CNN's New Day panel picks apart Trump's strategy in stonewalling House subpoenas for White House staffers, past and present.
"What about that argument that David Gregory points out, which is exactly what President Trump seized on. 'Let's stop this. We don't want it to be this interminable, Don McGahn testified for 30 hours. We're done,' " Alysin Camerota asked Nia-Malika Henderson.
"That doesn't have anything to do with Stephen Miller coming before Congress. It doesn't have anything to do with somebody coming before Congress and talking about the census and changing the census and adding a citizenship question. It seems they are taking it much further than essentially saying folks involved in the Mueller investigation shouldn't come before Congress. This is basically drawing a red line, so far at least on any requests that the House is making to hear from folks in the Trump administration about certain policies. I think if you are a Democrat, you're hoping you can get other folks, other documents that don't necessarily have anything to do with this White House. Deutsche Bank, maybe. You saw them cooperating with SDNY. Perhaps cooperating as well with the Oversight committee and the House," Henderson said.
"But we saw flashes of this as David Gregory pointed out, with other administrations. This line in the sand and really a stonewalling on pretty major issues. Immigration policy and what Stephen Miller would have to say about that. As well as the census. These are major issues. I get that Donald Trump likes to be in the fight. But you imagine that, okay, Stephen Miller comes before a House committee, there's a fight and an explanation of what they think the policy should be on immigration reform and why would that be bad? They are making an argument for why it should happen. I don't know why that would be a bad thing for the Trump administration," she said.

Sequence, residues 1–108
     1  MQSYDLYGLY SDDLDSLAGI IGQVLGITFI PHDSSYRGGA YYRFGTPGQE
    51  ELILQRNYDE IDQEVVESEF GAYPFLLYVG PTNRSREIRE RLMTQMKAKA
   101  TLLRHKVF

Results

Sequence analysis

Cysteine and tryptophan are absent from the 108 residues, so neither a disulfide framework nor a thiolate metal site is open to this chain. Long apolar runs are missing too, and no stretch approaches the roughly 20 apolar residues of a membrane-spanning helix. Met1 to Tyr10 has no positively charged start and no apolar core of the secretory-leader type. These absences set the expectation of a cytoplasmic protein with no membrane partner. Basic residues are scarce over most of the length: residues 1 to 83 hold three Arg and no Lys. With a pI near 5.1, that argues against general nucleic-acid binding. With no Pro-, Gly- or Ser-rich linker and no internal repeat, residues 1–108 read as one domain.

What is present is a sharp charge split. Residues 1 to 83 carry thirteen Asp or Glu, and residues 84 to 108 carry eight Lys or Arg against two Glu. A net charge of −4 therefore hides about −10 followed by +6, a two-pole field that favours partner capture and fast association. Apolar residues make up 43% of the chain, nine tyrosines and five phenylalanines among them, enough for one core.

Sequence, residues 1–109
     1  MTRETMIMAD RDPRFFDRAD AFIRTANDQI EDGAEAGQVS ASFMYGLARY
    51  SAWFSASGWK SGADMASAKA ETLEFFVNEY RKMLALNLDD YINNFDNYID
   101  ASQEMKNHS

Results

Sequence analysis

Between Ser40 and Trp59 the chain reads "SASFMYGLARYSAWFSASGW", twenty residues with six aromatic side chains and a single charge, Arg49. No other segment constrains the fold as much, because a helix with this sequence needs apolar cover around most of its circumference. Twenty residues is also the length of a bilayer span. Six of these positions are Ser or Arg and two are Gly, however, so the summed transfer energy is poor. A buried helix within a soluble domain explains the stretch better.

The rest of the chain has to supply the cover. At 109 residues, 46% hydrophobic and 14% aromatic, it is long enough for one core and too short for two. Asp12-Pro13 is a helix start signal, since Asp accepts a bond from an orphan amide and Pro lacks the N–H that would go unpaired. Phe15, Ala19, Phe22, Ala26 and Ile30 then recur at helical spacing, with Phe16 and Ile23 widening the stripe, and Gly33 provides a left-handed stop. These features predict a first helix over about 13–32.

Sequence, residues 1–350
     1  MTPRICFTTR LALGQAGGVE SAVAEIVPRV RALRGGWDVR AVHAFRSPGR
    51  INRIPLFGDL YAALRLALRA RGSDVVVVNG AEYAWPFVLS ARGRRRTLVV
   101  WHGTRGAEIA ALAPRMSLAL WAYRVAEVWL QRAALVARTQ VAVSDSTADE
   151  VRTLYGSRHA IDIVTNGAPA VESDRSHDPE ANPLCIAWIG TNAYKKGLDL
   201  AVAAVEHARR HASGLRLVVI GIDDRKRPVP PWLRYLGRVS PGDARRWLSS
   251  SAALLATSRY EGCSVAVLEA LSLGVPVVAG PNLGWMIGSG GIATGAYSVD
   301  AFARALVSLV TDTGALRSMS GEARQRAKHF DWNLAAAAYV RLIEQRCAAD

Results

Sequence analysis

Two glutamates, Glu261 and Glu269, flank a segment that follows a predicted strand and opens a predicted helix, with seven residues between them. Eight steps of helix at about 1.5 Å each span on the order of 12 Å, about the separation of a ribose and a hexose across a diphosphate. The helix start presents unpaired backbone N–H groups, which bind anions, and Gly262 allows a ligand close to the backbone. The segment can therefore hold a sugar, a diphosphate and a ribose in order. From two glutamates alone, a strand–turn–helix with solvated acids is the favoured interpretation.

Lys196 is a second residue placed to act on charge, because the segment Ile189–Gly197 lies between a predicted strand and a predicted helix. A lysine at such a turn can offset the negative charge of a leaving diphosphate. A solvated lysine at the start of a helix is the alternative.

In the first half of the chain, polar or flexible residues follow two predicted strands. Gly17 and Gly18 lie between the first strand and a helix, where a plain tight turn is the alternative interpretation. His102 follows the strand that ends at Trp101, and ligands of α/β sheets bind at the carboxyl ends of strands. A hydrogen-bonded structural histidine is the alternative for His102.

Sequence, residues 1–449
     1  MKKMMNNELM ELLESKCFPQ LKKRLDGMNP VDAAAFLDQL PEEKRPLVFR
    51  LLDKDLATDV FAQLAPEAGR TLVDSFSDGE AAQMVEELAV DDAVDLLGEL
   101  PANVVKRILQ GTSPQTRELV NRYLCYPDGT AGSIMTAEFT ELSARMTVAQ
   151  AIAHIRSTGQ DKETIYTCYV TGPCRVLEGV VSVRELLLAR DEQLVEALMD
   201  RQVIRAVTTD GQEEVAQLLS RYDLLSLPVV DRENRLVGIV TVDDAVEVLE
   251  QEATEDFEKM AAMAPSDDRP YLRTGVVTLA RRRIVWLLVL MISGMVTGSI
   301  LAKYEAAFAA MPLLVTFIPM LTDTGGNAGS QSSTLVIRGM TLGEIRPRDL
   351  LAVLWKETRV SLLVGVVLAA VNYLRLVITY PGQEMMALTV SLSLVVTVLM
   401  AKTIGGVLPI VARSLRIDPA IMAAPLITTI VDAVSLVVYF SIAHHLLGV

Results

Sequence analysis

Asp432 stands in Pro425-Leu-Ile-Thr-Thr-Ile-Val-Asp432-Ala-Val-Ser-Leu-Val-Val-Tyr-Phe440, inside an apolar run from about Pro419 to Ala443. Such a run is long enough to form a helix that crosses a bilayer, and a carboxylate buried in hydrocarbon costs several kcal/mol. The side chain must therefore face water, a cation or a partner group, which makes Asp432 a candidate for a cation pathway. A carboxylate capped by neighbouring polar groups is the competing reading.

"And the president is making the excuse for not cooperating on issues surrounding obstruction because the Mueller report already did it. Well, the Mueller report explicitly says that Congress is the one that gets to decide on these issues," John Berman said.
"Right. He, of course, is saying, 'Wait, wait. Bill Barr exonerated me from obstruction of justice even if Robert Mueller did not. You're right to point it out," David Chalian, CNN's political director, said.
"It is in black and white in Bob Mueller's report, pointing out the evidence collected and detailed for congress to take a look at, preserving information for other future, perhaps legal action down the road. I think politically, this stonewalling is, as Nia was getting at, Donald Trump relishes the fight. We know his strategy going into the re-election campaign is about igniting the base. That's been his entire political strategy for the duration of the presidency. Taking on the Democrats like this serves that strategy."
"Also, he's not doing seminars at Mar-A-Lago on separation of powers. He doesn't really care," David Gregory said.
"I have to be clear about this. He doesn't understand the separation of powers. Yesterday he said the Supreme Court will weigh in on impeachment, which it doesn't and can't," Berman said.
"Yeah, but he's pushing on an open political door. He knows at best Democrats are wobbly on the question of impeachment. where they seem more comfortable is, 'let's just keep the investigation going' which allows him to argue they are harassing him," Gregory said.
"He knows Republicans aren't united on this in the Senate. Meaning they are united in his favor, not to push against him. That's what he sees as the opportunity to fight here. Yet he's gonna meet with Nancy Pelosi apparently next week to talk about infrastructure week which may be coming back."